Nitrogen, which is contained in many of the more expensive biochemical plant compounds (Penning de Vries, Brunsting, and van Laar, 1974) such as proteins and amino acids (Williams et al., 1987), typically exhibits a positive correlation with leaf CC (Miller, Eddleman, and Kramer, 1990; Sims and Pearcy, 1991; Griffin, Thomas, and Strain, 1993; Griffin, Winner, and Strain, 1996). The relatively high mass-based leaf N and low mass-based leaf CC in both L. salicaria and P. quinquefolia in this study suggests these species have a low energetic expense per unit N, which could increase photosynthetic capacity at minimal cost. Yet the strong positive correlation between area-based leaf N and CC (Fig. 4C) reflects the influence of interspecific differences in LMA. Like area-based leaf N, leaf C also seemed to be influenced by LMA (Fig. 4B). Relating both N and C content, the significantly low leaf C : N of L. salicaria could indicate reduced herbivory defense in the form of low amounts of structural carbon compounds, such as cellulose and lignin (Herms and Mattson, 1992), which have an energetic cost.

In L. salicaria, low leaf CC may be indicative of high resource-use efficiency and growth rates, both of which could facilitate its invasiveness. As it correlates with species abundance in this study, leaf CC could provide a useful evaluation of invasive potential that may be applicable in other settings. While past research has sugge~tedthere may be little interspecific variation in this factor (e.g., Merino, 1987; Chapin, 1989; Williams, Field, and Mooney, 1989), a more recent review has found a twofold range in mass-based leaf CC and an even greater range in area-based leaf CC between species

0 1 I I I I I 0 20 40 60 80 100 120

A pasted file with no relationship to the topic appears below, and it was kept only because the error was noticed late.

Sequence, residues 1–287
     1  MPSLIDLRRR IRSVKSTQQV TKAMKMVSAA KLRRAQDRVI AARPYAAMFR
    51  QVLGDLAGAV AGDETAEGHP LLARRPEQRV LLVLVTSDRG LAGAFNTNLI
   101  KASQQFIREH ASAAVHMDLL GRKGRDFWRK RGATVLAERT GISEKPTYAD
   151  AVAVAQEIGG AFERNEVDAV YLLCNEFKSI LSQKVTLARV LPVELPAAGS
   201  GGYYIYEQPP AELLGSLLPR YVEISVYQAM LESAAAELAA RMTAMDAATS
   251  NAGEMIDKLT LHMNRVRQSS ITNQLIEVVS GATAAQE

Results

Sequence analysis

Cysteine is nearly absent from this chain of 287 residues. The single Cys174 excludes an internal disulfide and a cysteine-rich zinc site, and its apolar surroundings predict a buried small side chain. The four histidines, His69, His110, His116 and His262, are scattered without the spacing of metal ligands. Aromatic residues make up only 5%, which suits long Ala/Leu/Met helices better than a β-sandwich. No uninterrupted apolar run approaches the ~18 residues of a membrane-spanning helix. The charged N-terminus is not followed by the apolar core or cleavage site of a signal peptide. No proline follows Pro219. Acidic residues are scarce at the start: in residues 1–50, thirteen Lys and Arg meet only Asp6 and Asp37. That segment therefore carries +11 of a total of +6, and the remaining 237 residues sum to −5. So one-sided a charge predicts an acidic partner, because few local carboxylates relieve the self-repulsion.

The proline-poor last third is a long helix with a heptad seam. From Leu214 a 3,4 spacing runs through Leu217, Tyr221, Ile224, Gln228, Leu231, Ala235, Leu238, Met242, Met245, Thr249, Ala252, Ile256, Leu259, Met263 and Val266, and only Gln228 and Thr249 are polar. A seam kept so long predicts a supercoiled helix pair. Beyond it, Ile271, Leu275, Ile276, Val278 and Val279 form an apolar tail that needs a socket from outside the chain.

LMA (g/m2)

0 1 I I I I 0 10 20 30 40 50

Leaf C (g/m2)

0 1 I I I I

0 0.5 1 1.5 2 2.5 Leaf N (g/m2)

Fig. 4. Positive correlations (A) between LMA and mean leaf CC, (B) between mean leaf C and CC. and (C) between mean leaf N and CC. All factors are expressed per unit leaf area. A = Parthenocissus quznquefolia; 0= Lythrum salicaria; = Erigeron philadelphicus; A = Asclepias syriaca; = Spirea latifolia; 0= Solidago granzinifolia. Error bars represent 1 SE of the mean.

(Griffin, 1994). Our findings, while contributing only a small piece to the complex puzzle of species invasions, support those of a very limited number of other studies examining leaf CC and species invasiveness (e.g., Baruch and Gomez, 1996; Baruch and Goldstein, 1999).

COST OF LYTHRUM

While more specific physiological and morphological char- acteristics may contribute to the relative competitive ability of a species, it often is difficult to draw conclusions regarding the influence of these specific characteristics on invasive po- tential due to a lack of commonality. For example, while some invasive species may have high seed production or the ability to fix nitrogen, other invasive species may not share these characteristics. However, since every growth strategy has an energy consequence, energy can be considered a basic unit of comparison between organisms (Griffin, 1994). As such, CC measurements reflect specific growth strategies, while allow- ing for a more general comparison of resource-use efficiency between species. We propose examining leaf CC of native and invasive species in other settings to further evaluate the ap- plication of this factor for assessing invasive potential. Fur- thermore, we suggest evaluating CC measurements for other plant structures, such as roots, stems, and seeds, to gain insight into patterns of energy use and resource allocation within in- vasive and co-occurring native plants.

LITERATURE CITED

AUSTIN, A. T., AND P. M. VITOUSEK. 1998. Nutrient dynamics on a precipi- tation gradient in Hawaii. Oecologia 113: 519-529.

BARUCH,Z., AND G. GOLDSTEIN. 1999. Leaf construction cost, nutrient con- centration, and net CO, assimilation of native and invasive species in Hawaii. Oecologia 121: 183-192.

BARUCH, Z., AND J. A. GOMEZ. 1996. Dynamics of energy and nutrient con- centration and construction cost in a native and two alien C, grasses from two neotropical savannas. Plant and Soil 181: 175-184.